Courts often apply the Burford abstention doctrine in cases involving a state insurance insolvency proceeding. This tendency for federal courts to remand cases in deference to state proceedings in the insurance insolvency context derives from a Congressional policy of allowing states to regulate the insurance industry under the McCarran-Ferguson Act and the exclusion of insurance companies from the Bankruptcy Code. The author examines the processes used by different courts to determine whether to invoke Burford abstention and proposes the adoption of a formula that builds upon a set of factors developed by the Tenth Circuit to address additional concerns. The proposed formula draws from case law and the policy goals underlying Burford abstention while emphasizing the role of avoiding the disruption of a state’s efforts to establish insolvency proceedings for insurance companies. Through a six-part test, Courts can properly navigate the application of the “troublesome and enigmatic” Burford abstention doctrine.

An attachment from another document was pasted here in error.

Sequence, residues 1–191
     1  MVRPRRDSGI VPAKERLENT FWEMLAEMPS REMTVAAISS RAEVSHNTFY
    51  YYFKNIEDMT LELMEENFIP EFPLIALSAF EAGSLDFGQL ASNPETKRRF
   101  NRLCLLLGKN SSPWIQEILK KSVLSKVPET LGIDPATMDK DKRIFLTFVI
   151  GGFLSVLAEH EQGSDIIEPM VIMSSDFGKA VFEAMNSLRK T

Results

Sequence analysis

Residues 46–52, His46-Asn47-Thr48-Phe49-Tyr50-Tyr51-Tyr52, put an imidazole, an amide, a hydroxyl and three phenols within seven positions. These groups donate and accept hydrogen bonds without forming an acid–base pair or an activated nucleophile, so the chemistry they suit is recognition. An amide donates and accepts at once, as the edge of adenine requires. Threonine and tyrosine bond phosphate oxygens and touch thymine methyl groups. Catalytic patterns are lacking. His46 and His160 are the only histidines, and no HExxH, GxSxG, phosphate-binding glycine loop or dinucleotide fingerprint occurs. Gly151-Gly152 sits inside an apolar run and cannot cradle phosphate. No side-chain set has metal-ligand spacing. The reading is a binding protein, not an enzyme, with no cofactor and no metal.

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Bankruptcy’s Role in the Growing Dilemma of Self-Bonding in the Coal Industry

Jeanna Heard | 34 Emory Bankr. Dev. J. 205 (2017)

Long-standing regulations mandate that coal companies post bonds for land restoration after mining operations are complete. However, coal companies can use financial liquidity to satisfy these bonds, known as self-bonding. Companies are using the fiscal strength of subsidiaries instead of their own accounts to self-bond. Ultimately, a company can appear financially healthy enough to qualify for reclamation bonds, but in the face of a declining industry it may not have enough cash to cover full clean-up of mining sites. Bankruptcy highlights the insufficiency of such reclamation procedures and the supporting bonding process. The author evaluates several ways to cope with the self-bonding problem under the existing bankruptcy framework, including the existing requirements of the good faith and feasibility requirements, and proposes a carved out exception within the Bankruptcy Code disallowing prior coal bankruptcy debtors from self-bonding.